For the HTPC, [Benoit] gutted and cleaned an old DVR case and modified it to house a Mini-ITX board. He added standoff mounts to support the motherboard, then sketched up a template for the IO shield as a guide for cutting the back panel. The front of the DVR case originally had a 4-digit 7-segment display and a few simple buttons. Though he kept the original button layout, [Benoit] chose to replace the segment displays with a 20×2 character LCD. The new display is controlled via a python script on the HTPC, which runs an OpenElec Linux distro with XBMC 12.0.

The HTPC’s hard drive bay is a bit lighter these days, because [Benoit] decided to migrate his media storage to a separate server. Inside the new home media server is yet another Mini-ITX motherboard with an embedded Atom N2800 that runs Ubuntu Server. Live television streams via a WinTV HVR-2550 TV tuner and TVHeadend software. The case originally suspended the tuner from the IO bracket on the back (and nowhere else), which left the rest of the card dangerously unsupported inside. [Benoit] solved the problem by building an additional aluminum bracket that firmly holds both the PCIe riser and the tuner. Check out both builds’ pages for downloadable templates, software details and bill of materials.

Custom Arcade Control Panel

Anybody can fire up an emulator and play arcade games of yesteryear, but if you want to capture more of the nostalgia, you should build a custom arcade control panel. [Quinn] started her build by narrowing down which games she was most interested in playing, and decided on a straightforward 2-player setup. The biggest challenge was finding joysticks that would allow for switchable 4-way or 8-way control: some games such as Ms. Pac Man were made for 4-way joystick input, and the added positions on a 8-way can lead to confused inputs and frustrated players.

[Quinn] found the solution with a pair of Ultimarc Servo Stik joysticks, which use a servo motor to swap between 4 and 8-way mode. The output from both the joysticks and the buttons feed into an iPac encoder, which converts the signal to emulate a USB keyboard. The panel was first mocked up on butcher paper, with dimensions borrowed from various games: the panel itself resembles Mortal Kombat 2, while the buttons are spaced to match X-Men vs Street Fighter 2. [Quinn] chose some spare melamine—plywood with a plastic coating—to construct the panel, drilled some holes and used a router to carve out space for the joysticks. A USB hub was added to power the servos and to make room for future additions, which [Quinn] will have no difficulty implementing considering that her electrical layout is enviably clean. To cap it all off, she fit two “coin slot” buttons: a quarter placed into a slot serves as a start button when pressed.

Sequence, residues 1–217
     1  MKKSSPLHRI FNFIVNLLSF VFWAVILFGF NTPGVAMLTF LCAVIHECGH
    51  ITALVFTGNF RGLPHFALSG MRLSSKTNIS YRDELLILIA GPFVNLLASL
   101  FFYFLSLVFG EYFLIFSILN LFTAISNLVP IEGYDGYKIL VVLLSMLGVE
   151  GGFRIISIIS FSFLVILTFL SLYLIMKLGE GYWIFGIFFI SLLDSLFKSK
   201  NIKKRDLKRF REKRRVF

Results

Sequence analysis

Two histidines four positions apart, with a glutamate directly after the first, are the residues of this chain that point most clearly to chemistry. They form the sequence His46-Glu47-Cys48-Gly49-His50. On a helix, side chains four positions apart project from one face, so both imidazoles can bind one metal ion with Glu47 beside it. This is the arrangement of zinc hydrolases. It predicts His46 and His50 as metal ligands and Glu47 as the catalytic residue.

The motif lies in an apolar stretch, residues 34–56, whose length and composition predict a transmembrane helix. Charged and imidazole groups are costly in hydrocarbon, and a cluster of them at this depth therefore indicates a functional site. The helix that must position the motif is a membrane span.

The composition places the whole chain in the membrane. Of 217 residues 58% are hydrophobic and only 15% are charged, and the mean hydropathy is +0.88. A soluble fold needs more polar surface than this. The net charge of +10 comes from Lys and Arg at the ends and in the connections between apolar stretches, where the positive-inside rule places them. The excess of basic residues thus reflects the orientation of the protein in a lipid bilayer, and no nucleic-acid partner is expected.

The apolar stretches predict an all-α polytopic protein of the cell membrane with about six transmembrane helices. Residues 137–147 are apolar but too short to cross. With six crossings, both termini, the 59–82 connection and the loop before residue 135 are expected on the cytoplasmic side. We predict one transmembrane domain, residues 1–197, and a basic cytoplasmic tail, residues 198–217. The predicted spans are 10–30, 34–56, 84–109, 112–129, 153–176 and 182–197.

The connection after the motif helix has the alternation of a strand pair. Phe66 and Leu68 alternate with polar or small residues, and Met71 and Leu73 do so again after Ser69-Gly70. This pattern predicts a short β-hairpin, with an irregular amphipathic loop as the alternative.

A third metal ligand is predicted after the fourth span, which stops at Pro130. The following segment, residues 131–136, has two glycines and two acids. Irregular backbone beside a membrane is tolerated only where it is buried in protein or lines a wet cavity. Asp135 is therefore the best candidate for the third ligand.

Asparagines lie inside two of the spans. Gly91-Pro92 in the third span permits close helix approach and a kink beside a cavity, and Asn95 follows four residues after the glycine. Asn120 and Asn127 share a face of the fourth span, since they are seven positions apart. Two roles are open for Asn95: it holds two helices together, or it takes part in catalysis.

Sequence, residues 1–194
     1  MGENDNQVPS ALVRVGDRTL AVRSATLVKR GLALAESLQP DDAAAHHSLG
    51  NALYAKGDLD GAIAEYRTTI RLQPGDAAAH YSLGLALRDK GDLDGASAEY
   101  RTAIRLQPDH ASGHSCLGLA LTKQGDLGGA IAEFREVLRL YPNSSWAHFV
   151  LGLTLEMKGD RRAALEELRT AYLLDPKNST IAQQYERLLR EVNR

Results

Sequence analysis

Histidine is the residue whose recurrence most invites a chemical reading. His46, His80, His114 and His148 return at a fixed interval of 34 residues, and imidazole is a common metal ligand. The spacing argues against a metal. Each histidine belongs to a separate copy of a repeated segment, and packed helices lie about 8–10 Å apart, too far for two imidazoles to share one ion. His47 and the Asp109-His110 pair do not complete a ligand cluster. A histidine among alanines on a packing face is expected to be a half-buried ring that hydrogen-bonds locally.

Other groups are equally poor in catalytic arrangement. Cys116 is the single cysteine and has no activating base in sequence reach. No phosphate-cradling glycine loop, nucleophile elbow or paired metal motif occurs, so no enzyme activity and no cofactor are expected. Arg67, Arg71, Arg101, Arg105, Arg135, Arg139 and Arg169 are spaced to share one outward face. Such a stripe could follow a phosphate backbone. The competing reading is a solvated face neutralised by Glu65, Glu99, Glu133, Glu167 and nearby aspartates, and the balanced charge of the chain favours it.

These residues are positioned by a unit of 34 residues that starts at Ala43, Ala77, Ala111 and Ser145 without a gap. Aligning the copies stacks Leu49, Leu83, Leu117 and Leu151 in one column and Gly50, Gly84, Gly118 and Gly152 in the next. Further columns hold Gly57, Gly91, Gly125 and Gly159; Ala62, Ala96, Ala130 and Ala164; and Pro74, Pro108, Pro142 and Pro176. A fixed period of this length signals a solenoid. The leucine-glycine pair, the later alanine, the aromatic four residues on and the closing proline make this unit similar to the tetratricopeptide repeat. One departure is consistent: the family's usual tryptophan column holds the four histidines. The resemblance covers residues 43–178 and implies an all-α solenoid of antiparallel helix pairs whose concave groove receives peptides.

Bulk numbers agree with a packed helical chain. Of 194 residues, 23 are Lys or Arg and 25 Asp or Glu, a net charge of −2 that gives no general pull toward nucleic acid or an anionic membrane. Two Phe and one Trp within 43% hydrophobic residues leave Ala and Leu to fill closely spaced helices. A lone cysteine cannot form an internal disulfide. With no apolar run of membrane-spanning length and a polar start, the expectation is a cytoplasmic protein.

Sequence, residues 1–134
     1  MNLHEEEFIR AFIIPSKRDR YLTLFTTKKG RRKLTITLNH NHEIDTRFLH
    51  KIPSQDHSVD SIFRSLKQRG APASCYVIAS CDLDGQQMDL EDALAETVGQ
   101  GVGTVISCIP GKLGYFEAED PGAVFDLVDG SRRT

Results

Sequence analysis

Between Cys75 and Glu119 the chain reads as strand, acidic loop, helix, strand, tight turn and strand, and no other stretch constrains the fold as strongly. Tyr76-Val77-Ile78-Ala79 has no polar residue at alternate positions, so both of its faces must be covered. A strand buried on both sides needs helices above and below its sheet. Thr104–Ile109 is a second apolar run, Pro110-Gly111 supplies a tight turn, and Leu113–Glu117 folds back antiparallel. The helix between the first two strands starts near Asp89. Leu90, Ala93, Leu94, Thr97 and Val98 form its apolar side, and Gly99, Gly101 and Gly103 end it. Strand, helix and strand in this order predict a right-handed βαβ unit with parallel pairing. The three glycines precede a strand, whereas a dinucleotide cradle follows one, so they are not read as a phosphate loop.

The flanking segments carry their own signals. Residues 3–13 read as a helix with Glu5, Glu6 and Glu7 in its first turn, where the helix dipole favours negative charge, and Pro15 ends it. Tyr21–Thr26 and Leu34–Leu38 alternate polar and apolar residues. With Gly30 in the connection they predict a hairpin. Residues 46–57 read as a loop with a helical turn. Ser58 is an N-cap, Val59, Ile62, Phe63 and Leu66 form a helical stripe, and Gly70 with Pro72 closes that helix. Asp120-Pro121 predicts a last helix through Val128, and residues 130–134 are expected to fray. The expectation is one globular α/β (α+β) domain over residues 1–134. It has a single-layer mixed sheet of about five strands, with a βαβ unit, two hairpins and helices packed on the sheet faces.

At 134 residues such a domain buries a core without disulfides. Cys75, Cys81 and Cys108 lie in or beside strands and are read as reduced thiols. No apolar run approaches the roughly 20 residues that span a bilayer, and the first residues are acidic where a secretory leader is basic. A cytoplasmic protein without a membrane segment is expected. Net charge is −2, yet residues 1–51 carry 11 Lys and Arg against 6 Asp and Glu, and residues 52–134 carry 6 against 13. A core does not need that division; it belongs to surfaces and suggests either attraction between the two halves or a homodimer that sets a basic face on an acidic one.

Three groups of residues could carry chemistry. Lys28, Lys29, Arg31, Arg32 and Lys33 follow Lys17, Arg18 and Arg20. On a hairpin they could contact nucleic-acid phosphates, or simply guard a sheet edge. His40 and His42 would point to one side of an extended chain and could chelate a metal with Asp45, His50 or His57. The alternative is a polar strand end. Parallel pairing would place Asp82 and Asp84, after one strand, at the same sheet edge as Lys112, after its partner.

Be sure to see the videos after the break that demonstrate the coin buttons and the servos, then check out a different retro joystick hack for a tripod controller, or look to the future with the Steam Controller.

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Raspberry Pi Media Center on an Apple TV

You may tend to think of the AppleTV as a sort of walled garden, and you would mostly be right. Apple keeps tight control over what runs on their devices. That said, [David] decided to look closer at how the various ‘applications’ work. It turns out, the applications are nothing more than glorified web plugins. Using XML and Javascript, the apps simply define library function calls, giving them a consistent interface. So using fairly simply methods, the options really open up. Unfortunately, the method for adding new sites isn’t enabled by default.

Using a jailbroken AppleTV, [David] was able to do a fair bit of detective work and found a way to enable the ‘Add Site’ option, which allowed him to use his Raspberry Pi as a media server. The good news: you don’t need to jailbreak if you’re running 5.2 or 5.3… you should be able to recreate his success fairly easily. The bad news: things seem to have changed in 6.0. [David] isn’t sure if this was Apple intentionally closing a hole, or just not dotting all of their i’s.

[David] put all of his research up on Github, including the rough code. If you haven’t updated your AppleTV yet, and you have a Raspberry Pi to use as a media server, give it a try and let us know how it goes in the comments.